I’ve put a lot of thought into why I started DetailBliss.com. It’s (shockingly) a lot of invested time, 12am sleepless thoughts, and actually costing me money to own a domain plus hosting fees. So in the past few weeks as I’ve started posting weekly (and hopefully bi-weekly in the near future), this is what I’ve come up with:
- Was it ‘cause I love talking about myself? (I don’t—most of the time. It makes me super uncomfortable.)
- Was it because I read a ton of blogs and I was jumping on the bandwagon? (Maybe I’ll call it being inspired, ‘cause that sounds better.)
- Was it because I felt that my voice was worth sharing, I could provide value to whomever reads any of these posts, and because I wanted to become a better writer?
- Was it because I wanted to leverage it into an income at some point?
- Was it because I turned 23 and my memory is spectacularly poor and I wanted to remember some highlights throughout the years? (Not exaggerating.)
- Was it because I feel really, really isolated out here in nowhere, Oregon and I wanted to be able to create a sense of community, to share my perspective of a wayward entrepreneurial journey, and to try to eliminate the negative stigma (to myself & others) of being in the process of “figuring it all out” in your early-mid-twenties?
It’s likely a mixture of all of these things. Maybe some aspects are a little selfish. And that is perfectly okay. I’m not sitting here writing about the minutiae of the everyday. That’s not worth writing nor reading. So if I’m going to flood everyone’s social media pages with stuff I’ve written, I know I owe you all an explanation as to why I’m doing it.
I remember when I first joined Facebook in 2008. And if I scroll waaaaaay back there’s a lot of cringe-worthy teenager stuff like depressing song lyrics, cryptic updates hinting about drama, and literally posts like this (and yes, this is really embarrassing to share, but it gets the point across):
I was literally talking about absolutely nothing into a vacuum. It was zero percent interesting with zero percent of a point. It’s a strange comparison, but apt, and definitely would be an example of not providing value.
I recently purchased a much-recommended writing book called Everybody Writes: Your Go-To Guide to Creating Ridiculously Good Content. Definitely worth a read if you’re considering a job as any kind of writer. But throughout the book, there’s this underlying message of writing for the right reasons. The attitude should be that of privilege not a right. Handley writes that you need to “value your relationship with your audience,” and “put their needs first.” Which means there’s a focus on clarity, brevity, and utility. The first two are just basic good writing. But utility = value. What’s the point of reading something if it’s not useful in some way? (E.g. entertainment, information, polarizing viewpoints, etc).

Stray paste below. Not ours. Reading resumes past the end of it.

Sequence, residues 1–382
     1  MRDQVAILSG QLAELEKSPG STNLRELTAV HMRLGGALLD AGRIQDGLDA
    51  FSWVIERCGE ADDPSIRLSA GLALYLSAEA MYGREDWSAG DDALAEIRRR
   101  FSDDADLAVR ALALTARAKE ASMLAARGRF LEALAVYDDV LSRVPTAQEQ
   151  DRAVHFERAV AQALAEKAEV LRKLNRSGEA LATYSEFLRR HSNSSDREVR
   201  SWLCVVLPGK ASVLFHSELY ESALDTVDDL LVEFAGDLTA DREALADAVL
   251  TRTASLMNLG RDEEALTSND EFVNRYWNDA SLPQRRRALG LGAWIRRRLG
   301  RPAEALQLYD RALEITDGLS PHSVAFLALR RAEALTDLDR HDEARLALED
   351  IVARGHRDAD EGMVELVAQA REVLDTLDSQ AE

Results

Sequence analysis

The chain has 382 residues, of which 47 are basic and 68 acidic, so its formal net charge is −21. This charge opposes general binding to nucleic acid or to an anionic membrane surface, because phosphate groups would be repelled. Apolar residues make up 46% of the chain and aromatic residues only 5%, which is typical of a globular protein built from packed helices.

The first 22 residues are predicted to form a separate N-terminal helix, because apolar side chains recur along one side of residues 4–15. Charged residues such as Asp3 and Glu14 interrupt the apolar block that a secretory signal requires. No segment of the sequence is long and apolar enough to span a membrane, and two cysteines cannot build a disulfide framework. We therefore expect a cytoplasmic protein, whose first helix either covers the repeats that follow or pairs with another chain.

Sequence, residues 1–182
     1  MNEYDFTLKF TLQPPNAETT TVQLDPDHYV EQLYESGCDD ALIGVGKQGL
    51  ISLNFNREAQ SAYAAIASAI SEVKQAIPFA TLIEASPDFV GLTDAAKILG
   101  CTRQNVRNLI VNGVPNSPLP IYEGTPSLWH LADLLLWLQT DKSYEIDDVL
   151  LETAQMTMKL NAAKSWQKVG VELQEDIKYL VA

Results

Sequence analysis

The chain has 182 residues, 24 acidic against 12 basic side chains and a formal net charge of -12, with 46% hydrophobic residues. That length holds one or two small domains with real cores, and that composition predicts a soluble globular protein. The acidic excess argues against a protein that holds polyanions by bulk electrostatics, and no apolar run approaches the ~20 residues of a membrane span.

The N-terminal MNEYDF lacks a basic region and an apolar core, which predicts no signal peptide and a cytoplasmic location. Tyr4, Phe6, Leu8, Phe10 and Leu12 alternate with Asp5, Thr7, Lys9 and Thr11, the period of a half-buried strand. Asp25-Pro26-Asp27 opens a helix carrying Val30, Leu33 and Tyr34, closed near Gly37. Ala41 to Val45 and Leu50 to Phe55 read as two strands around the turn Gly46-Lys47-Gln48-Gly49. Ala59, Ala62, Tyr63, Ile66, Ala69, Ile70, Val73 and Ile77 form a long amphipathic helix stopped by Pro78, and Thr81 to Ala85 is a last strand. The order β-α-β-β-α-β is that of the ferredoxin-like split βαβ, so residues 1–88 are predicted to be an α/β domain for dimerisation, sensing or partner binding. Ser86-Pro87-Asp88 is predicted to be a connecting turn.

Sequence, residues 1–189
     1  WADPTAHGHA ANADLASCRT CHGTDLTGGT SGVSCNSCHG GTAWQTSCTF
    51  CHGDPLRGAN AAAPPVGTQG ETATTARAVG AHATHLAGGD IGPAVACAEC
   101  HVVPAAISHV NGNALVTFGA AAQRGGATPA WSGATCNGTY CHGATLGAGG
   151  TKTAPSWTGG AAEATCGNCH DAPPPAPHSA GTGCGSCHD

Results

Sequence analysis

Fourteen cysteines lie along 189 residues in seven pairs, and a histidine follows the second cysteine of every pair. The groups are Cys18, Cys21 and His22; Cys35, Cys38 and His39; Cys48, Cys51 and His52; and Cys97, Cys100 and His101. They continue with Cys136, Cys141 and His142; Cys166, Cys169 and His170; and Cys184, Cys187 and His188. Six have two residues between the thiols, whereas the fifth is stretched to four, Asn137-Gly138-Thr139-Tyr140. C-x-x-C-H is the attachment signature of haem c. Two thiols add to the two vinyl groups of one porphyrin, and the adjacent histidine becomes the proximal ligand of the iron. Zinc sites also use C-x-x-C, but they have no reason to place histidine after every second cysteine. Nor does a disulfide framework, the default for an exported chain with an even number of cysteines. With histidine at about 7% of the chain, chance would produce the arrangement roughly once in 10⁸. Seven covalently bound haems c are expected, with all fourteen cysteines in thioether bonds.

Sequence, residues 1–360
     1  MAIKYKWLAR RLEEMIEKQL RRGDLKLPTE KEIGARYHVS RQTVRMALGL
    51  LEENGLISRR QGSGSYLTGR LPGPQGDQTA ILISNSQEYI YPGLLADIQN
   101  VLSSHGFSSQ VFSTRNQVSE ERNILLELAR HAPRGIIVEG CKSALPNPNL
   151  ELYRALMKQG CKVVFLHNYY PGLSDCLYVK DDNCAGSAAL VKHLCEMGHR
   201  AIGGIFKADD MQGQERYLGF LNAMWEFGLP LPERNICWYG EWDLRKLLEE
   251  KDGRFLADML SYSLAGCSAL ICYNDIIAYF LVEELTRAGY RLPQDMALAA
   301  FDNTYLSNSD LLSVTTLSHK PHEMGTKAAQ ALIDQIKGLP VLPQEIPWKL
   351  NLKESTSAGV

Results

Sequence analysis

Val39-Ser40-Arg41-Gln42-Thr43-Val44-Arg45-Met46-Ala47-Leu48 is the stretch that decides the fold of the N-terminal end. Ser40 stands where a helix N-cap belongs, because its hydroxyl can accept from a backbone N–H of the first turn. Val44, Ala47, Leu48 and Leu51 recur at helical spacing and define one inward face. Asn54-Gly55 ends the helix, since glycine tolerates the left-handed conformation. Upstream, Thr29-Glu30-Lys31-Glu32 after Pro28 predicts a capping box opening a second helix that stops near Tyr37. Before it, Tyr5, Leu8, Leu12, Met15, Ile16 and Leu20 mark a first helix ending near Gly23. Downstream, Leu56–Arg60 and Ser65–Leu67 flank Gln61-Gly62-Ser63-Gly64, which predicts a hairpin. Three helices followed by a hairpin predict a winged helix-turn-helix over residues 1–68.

Consume Less, Create More
As I mentioned before, I read a lot of blogs. Seriously. And I use Pinterest like a maniac because I’m always looking for new business ideas, marketing angles, DIY projects, recipes, and out-of-the-box house ideas. And as a creative person, I know how easy it is to get into a cycle of consuming a massive amount of content with absolutely nothing constructive to show for it (i.e. how many of those recipes that I’ve pinned have actually made it to my kitchen?)
Blogging holds me more accountable to not only creating content but experimenting with creative projects. That smoothie recipe I posted this week or the table I refinished are both examples. Would I have done that without detail*bliss? Maybe. But the excitement of learning how to do a refinishing project and having the ability to share it makes me really happy. What if providing my first-timers perspective on doing a seemingly complicated project inspires someone to attack that piece that’s been loitering in their garage forever? That’s the point.
Even though I’m new to this, I’ve learned a lot from consuming a massive amount of others “how to” content on blogging, business, and lifestyle.
You don’t see a lot behind any of the posts (yes, even the “stupid simple” stuff like my Summer-Inspired Shot post). I don’t just slap up the first photo I take and my rough draft. What you’re not seeing are the many blurry vetoed pictures or the cacophony of notes that I’ve recently organized into notebooks on Evernote. I can promise you that if you commit to actually creating these posts (graphics, photography, writing, re-writing, marketing) that you’ll improve:
- How to take better pictures
- How to create better outlines
- How to create better graphics
- How to self-edit
- How to organize your ideas into something digestible
- How to efficiently use your time (still working on this one)
- How to improve marketing strategies
Tons more, but I’m sure you get the idea. Implementing improvement ideas cements the concepts waaaay better than just reading about them.
I hope I’ve done well by Ann Handley’s 3 principles of writing (clarity, brevity, and utility), but as this post is nearing 1000 words I’ll come to the conclusion. If any (or all) of these points resonate with you, definitely consider putting your voice out there. Despite what you may think, you definitely have value to provide with others. Your entire perspective is unique, your experiences are new. If you feel like you have something to say there’s definitely something for you to write about. And it’s an experiment in self-growth as well.